Dose response analysis Fig can be performed on cells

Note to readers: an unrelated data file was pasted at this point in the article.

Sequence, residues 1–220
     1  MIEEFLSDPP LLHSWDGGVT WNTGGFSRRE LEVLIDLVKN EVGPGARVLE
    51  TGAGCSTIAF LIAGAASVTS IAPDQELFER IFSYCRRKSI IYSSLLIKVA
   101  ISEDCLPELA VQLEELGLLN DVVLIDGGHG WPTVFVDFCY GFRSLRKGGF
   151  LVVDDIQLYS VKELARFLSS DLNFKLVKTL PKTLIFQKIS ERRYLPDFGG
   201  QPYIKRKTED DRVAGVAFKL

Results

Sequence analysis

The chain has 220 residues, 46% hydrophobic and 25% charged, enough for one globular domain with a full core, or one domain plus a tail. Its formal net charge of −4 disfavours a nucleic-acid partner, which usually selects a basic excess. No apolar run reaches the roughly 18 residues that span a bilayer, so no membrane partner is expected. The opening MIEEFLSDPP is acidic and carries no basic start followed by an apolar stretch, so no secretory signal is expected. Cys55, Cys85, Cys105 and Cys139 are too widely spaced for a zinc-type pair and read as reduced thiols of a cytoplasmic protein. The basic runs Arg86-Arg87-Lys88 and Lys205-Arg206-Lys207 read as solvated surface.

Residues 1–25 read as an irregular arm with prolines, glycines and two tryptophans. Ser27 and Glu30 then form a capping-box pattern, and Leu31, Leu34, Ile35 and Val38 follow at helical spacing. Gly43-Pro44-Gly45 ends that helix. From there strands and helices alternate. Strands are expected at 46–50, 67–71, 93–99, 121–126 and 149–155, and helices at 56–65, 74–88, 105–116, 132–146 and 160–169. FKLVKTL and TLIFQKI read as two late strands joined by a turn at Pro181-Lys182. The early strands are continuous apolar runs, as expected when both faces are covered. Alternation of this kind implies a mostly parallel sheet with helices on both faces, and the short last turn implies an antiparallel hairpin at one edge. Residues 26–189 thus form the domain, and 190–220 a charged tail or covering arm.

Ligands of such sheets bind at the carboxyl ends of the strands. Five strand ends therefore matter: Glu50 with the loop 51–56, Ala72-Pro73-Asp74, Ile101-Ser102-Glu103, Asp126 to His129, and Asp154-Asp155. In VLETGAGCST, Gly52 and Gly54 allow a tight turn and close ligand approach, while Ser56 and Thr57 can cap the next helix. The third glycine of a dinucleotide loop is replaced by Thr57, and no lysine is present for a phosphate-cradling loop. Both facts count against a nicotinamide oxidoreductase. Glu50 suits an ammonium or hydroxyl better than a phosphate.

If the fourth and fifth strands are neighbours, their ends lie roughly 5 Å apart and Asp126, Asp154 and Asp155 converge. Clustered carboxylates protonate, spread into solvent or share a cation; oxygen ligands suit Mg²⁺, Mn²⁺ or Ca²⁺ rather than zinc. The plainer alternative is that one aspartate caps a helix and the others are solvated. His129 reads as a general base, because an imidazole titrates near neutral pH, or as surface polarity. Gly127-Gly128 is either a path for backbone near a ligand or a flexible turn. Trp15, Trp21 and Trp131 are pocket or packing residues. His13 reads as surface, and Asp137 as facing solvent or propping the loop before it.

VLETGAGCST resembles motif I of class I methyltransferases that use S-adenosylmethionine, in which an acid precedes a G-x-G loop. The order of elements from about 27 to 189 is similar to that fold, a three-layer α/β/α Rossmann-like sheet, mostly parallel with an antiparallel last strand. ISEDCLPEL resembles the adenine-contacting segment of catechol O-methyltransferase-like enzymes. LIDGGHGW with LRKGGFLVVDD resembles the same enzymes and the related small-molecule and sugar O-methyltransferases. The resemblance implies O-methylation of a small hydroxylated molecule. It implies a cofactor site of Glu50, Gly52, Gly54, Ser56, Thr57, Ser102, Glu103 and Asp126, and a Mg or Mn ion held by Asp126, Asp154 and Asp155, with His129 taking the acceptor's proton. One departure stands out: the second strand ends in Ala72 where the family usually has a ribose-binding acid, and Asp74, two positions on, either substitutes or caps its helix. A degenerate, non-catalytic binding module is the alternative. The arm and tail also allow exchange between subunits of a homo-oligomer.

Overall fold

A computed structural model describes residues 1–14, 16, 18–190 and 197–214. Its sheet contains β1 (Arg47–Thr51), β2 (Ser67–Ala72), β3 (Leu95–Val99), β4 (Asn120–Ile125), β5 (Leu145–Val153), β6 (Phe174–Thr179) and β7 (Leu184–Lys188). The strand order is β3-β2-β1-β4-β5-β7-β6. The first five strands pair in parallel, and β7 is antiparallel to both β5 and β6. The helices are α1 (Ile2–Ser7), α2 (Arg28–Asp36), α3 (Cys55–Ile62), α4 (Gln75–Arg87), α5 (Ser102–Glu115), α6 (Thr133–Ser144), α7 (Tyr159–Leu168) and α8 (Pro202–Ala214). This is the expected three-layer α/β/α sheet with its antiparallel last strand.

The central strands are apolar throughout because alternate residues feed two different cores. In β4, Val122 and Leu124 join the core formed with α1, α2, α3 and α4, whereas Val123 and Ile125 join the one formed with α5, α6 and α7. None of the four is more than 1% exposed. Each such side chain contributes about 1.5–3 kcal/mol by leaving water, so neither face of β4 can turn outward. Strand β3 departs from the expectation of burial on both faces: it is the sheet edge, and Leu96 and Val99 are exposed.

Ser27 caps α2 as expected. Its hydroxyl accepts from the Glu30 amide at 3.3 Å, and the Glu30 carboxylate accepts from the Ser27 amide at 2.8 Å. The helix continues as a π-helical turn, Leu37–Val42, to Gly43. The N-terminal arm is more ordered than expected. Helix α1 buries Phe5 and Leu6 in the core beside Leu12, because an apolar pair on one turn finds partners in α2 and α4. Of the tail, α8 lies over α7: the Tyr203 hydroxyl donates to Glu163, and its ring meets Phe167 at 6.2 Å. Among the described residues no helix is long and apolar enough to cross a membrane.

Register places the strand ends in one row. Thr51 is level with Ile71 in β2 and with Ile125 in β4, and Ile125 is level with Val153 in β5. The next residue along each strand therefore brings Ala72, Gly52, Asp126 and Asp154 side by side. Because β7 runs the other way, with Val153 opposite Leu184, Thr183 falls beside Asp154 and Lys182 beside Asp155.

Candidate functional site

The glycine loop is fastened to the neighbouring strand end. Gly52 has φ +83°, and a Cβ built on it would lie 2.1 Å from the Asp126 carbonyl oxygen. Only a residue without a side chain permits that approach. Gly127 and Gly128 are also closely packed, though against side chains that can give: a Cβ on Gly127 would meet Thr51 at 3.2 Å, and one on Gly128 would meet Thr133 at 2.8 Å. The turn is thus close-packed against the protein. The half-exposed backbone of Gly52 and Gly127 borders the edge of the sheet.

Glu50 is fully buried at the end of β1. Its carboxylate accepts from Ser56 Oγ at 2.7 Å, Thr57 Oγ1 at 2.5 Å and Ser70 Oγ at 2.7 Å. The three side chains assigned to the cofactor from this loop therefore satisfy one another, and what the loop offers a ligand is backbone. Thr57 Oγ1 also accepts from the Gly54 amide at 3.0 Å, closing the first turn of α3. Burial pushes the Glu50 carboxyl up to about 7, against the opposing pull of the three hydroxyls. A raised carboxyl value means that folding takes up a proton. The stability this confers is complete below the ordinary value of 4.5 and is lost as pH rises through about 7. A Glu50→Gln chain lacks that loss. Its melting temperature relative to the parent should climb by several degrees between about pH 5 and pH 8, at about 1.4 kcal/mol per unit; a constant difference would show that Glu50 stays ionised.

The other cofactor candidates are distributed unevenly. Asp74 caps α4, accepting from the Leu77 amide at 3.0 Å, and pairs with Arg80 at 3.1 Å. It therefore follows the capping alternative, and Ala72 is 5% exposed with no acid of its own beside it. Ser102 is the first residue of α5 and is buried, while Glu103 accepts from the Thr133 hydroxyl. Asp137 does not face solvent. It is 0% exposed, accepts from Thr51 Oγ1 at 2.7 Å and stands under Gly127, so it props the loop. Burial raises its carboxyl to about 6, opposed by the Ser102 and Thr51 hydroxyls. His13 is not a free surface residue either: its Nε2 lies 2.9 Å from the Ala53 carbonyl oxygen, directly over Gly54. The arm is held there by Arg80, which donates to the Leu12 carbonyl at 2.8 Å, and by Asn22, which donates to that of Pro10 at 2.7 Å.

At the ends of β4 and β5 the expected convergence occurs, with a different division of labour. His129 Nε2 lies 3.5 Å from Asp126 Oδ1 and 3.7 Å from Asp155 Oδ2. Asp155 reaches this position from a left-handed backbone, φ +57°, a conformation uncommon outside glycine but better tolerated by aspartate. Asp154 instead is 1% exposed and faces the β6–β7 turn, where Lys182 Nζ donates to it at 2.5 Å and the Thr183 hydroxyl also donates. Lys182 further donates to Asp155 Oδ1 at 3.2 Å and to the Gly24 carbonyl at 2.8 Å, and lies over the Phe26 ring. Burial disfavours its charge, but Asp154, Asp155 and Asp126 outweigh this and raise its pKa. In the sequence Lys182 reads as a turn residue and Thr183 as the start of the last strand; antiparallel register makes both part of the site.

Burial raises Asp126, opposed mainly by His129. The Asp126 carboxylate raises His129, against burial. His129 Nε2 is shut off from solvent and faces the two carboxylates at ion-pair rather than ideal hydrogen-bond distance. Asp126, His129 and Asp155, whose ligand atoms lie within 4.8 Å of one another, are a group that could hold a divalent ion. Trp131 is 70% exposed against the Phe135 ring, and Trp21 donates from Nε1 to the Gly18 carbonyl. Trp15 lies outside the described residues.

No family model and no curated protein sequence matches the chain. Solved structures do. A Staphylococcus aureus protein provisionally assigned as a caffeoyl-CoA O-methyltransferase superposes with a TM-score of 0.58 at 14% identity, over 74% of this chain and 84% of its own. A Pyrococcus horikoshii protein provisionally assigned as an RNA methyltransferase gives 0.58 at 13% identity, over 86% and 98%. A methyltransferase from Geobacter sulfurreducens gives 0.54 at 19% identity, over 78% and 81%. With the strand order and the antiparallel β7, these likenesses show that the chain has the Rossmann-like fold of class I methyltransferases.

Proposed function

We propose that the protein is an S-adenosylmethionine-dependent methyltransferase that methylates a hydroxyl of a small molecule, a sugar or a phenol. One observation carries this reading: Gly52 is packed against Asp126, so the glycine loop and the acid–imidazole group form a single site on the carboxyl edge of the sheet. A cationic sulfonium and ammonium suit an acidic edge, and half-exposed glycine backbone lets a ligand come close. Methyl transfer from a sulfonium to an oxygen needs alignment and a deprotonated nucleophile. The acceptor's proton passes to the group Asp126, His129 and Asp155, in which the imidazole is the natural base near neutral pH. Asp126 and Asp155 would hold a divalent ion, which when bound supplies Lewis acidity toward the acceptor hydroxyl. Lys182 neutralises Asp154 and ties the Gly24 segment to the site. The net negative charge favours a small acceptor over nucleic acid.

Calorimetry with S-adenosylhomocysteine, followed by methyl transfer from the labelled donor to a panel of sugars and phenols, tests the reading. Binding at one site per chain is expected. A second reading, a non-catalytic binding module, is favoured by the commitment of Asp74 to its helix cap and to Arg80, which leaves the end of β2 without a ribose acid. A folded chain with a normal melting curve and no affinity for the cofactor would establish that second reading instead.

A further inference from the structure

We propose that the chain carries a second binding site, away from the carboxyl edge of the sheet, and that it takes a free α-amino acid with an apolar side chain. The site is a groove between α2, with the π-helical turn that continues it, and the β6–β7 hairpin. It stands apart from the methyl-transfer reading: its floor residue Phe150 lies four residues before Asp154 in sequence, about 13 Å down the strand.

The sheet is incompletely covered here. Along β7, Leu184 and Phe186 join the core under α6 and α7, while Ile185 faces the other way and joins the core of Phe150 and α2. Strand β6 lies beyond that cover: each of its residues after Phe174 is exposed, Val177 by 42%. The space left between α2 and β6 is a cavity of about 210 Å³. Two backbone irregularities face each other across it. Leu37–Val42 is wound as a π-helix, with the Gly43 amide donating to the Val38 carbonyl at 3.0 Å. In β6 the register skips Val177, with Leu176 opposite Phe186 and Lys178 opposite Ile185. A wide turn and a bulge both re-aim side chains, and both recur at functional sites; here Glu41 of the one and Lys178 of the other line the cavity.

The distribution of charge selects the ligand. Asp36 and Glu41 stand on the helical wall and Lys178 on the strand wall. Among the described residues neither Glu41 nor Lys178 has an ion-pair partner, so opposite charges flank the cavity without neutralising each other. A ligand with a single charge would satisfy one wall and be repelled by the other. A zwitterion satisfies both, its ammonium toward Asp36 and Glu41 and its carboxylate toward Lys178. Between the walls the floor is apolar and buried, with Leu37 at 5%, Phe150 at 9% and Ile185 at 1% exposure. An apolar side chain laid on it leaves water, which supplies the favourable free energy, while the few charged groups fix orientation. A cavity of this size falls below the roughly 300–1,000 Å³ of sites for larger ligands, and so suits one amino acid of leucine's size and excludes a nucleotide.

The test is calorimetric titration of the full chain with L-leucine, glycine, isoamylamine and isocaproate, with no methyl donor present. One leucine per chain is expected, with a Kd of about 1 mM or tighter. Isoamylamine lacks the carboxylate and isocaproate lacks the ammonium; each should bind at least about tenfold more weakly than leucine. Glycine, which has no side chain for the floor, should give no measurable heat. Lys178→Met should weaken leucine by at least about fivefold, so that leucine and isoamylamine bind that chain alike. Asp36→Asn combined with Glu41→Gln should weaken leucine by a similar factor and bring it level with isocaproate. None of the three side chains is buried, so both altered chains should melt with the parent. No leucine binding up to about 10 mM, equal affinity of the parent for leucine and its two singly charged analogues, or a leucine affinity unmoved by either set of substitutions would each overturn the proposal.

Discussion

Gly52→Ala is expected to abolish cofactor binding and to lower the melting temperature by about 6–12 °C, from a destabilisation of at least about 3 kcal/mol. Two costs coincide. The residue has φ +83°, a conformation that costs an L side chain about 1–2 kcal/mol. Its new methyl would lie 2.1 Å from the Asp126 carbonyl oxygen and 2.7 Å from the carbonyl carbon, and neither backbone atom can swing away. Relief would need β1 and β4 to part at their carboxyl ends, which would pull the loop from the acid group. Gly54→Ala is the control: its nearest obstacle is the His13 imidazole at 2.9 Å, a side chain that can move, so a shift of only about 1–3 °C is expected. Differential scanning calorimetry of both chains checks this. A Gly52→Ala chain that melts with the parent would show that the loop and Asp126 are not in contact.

Dose response analysis (Fig. 2) can be performed on ABC294640 sale in culture, in tissue, in animals or even in patients. Many different responses can be measured, including mRNA levels, reporter gene activity, gene product (e.g. enzyme) activity or even physiological functions such as inhibition of ovulation. As in the case of steroid ligand binding curves, dose response curves ex vivo generally follow a sigmoidal shape with a Hill slope value of 1 (Fig. 2). Dose response curves with the same Hill slope are considered to be parallel, while those that differ are non-parallel. In the absence of dose response analysis, relative responses obtained by single doses of progestogens will vary depending on which part of the dose response curve is represented for each progestogen. For example, if the dose for all progestogens is already at the maximal response, then the progestogens could be incorrectly reported to have the same ‘potency’. Furthermore, if the data from incomplete curves represents different parts of the curve, or off-target competing receptors are present, plots will be non-parallel. Taken together, this will result in misleading estimates of relative potency, efficacy and biocharacter. In clinical and animal studies, the term ‘potency’ has been widely used to describe many different progestogen actions, including RBAs, relative responses to fixed constant doses in animal or clinical assays, or a dose required to obtain a particular defined response, which may not be maximal , . Some studies have included dose response analysis , but often only three doses are arbitrarily chosen and full curves are not generated , . Most assays describing the ‘potency’ of progestogens are based on the progestational effects of these ligands on uterine glandular proliferation, pregnancy maintenance, glycogen deposition in endometrial glands, delay-of menses, or inhibition of ovulation ,  using animal models , ,  or healthy female volunteers , , . An early study involving administration of three different doses of progestogens to women reported that the ‘potency’ of norgestrel was lower in a glycogen deposition assay than in the delay of menses test . When assessing the significance of this result, it should be noted that the “potencies” determined were not obtained from full dose response curves and the plots were non-parallel. Another possible reason for differences in relative ‘potencies’ between different assays is the inclusion of estrogen together with the progestogen in some assays, such as in the delay of menses assay , but not others, since estrogen could affect the response by, for example, changing receptor levels. A rat study by Lundeen and co-workers showed that TMG was more ‘potent’ than MPA when assessing complement component C3 expression in epithelial cells of the uterus, less ‘potent’ than MPA in the proliferation of endometrial stromal cells, and ‘equipotent’ in inhibiting ovulation . In these assays, once again the plots generated did not reach a maximal level and were not parallel. Differences were also observed when comparing the ‘potencies’ of progestogens in a bioassay measuring endometrial transformation in rabbits (‘potency’ rank order MPA≥dydrogesterone>NET) to that of an ex vivo assay measuring their transactivation potential via the human PR (‘potency’ rank order MPA≥NET>dydrogesterone) . Although the bioassay dose response curves did not reach a maximal level, indicating that the ED50 values obtained by this assay may be inaccurate, the change in rank order may also be due to difference in metabolism between the animal study compared to the in vitro cell line study. Interestingly, the rank order for ‘potency’ of the same progestogens in a clinical assay measuring endometrial protection, by dose response analysis, indicated that NET>MPA>dydrogesterone , possibly reflecting species-specific intracellular responses. A comparison between the rank order for potencies of progestogens in the above bioassays with their RBAs for the PR (Table 1), illustrates that generally the two do not correlate. There could be many reasons for this, including differences in the levels of competing SRs in the different target tissues/cells.